24. 4 out of 5

    Ed Maher

    If you loved Shantaram like I did, you need not waste your time with this wretched sequel. The Mountain Shadow sucks. A book that's 90 per cent dialogue should be a major indication that something is amiss. It's not a novel; it's a 900 page screenplay that no studio on earth would pay a penny for. A complete deception. The author is obviously back on hard drugs and needed to produce something to sustain his habit. What a shame.

  25. 4 out of 5

    Alison

    I enjoyed Shantaram, well I think I did .... I have fond memories of reading it. This sequel, however, is a bit of a let down. Nothing actually happens, unless you like a bit of male bravado. I despise Karla and her "queens" and how Lin is so soppy about her. If you liked Shanatram don't read this. It will rot your brain!

  26. 5 out of 5

    Rider of the Blue

    Although I like "Shantaram", I think that "The Mountain Shadow" is much better.

  27. 5 out of 5

    Tripfiction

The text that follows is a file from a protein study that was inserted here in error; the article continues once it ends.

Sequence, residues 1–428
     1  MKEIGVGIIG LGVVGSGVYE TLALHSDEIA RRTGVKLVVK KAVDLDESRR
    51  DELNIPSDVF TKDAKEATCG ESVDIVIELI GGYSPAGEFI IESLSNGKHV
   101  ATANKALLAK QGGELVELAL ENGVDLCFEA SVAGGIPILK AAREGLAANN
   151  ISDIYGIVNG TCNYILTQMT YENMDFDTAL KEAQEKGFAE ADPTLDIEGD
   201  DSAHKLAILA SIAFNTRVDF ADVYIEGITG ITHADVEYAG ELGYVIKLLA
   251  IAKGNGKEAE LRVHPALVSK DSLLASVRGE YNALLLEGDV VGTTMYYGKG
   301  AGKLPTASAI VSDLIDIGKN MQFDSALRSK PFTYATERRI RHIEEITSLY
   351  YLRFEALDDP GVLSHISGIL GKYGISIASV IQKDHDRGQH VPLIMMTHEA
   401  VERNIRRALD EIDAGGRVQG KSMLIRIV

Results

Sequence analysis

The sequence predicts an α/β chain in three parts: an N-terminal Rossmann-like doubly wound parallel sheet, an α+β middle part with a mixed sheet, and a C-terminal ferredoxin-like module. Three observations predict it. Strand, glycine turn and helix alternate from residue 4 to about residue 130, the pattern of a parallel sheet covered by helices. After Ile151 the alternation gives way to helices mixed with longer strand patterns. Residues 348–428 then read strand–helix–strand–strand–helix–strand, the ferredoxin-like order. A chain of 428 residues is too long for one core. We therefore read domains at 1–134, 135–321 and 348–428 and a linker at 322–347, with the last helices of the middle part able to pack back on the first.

Novel set in Bombay (“Bombay, even now, is a city of words”) The Mountain Shadow is the much anticipated follow up to Shantaram, appearing more than 10 years after Shantaram found wide acclaim. It is a tome – nay, a mountain of a book – at well over 800 pages, and it will inevitably invite comparison with the latter, as Lin, once again, is the main protagonist, together with some of the characters from the first book. There is still Leopold, the real life café in Colaba (its strapline: “getting b Novel set in Bombay (“Bombay, even now, is a city of words”) The Mountain Shadow is the much anticipated follow up to Shantaram, appearing more than 10 years after Shantaram found wide acclaim. It is a tome – nay, a mountain of a book – at well over 800 pages, and it will inevitably invite comparison with the latter, as Lin, once again, is the main protagonist, together with some of the characters from the first book. There is still Leopold, the real life café in Colaba (its strapline: “getting better with age”) where many of the characters still hang out. Lin is now working for the Sanjay Corporation creating forged passports. Bombay is full of mafia style operations, all vying for business and power. Lin has one final task to fulfil for his old boss Khaderbhai, down in Sri Lanka and thereafter he will be a free man to pick and choose his own path. But with Lin’s history of violent encounters is this purely a pipe-dream? In the first book Karla with the green eyes was Lin’s huge love but when the story picks up in The Mountain Shadow, he is living with Lisa. However the shadow of Karla hangs heavy over his new couple relationship and the cracks begin to undermine any chance of something longer term. The book is populated by a mêlée of exotic Moulin Rouge-style characters – Madame Zhou and her henchmen from Shantaram, for example, are still around. Lin is still trying to make good but he grapples with his irascible temperament and finds himself in many a scrape, caught up in the violence perpetrated by The Cycle Killers and general gangland warfare. At times, it certainly brings the Dan Dare out in him. There are many subplots and encounters going on to keep the entertainment flowing – even a nod to love detectives, as expounded in the great novel The Case of the Love Commandos by Tarquin Hall, in that Naveen sets up an agency for lost loves. Overall a rich stage of characters, settings and action. So, does this sequel work? The lyrical quality of the first book is still evident in parts and the prose can still assault the senses: “The allure of the perfume gave way to the sugared sense of firni, rabri, and falooda sweet shops. The glittering splendor of bangle and bracelet shops surrendered to the gorgeous fractals of Persian carpets..” The author does indeed know how to write a story, evidenced by the success of Shantaram. But in this book the construct slides across the pages, delving into the dark souls of the gangs, rather like a Hieronymus Bosch painting, then rising to quasi-philosophical heights, Idriss atop his mountain holding court with Lin and Karla in attendance. The narrative relies heavily on dialogue between the characters to move the story forward – perhaps 70% of the book, at a guess, is speech, which actually can be quite a labour to read – and tedious. It is also punctuated by innumerable quotes and aphorisms that left me scratching my head: make what you will of “Fear is a wolf on a chain, only dangerous when you set it free” or “living alone as a freelancer in Bombay…is a cold river of truth” and “My happiness was a cheetah, running free in a savannah of solace” and “Happiness abhors a vacuum” to “Love and faith, like hope and justice, are constellations in the infinity of truth”. Oh, and “crime is feudal”, indeed; but you no doubt get the drift. Ultimately there is a fair amount of drug use throughout the book, but the chemical rides are clearly much more entertaining and enthralling to the characters themselves than they are to the reader looking in. Shantaram was a tightly woven page turner. The Mountain Shadow is a loosely woven series of chapters (91 in all) that sadly freeloads on the success of the first novel. It is apparently the second book in a trilogy, so here’s hoping that there is a return to form in book number 3.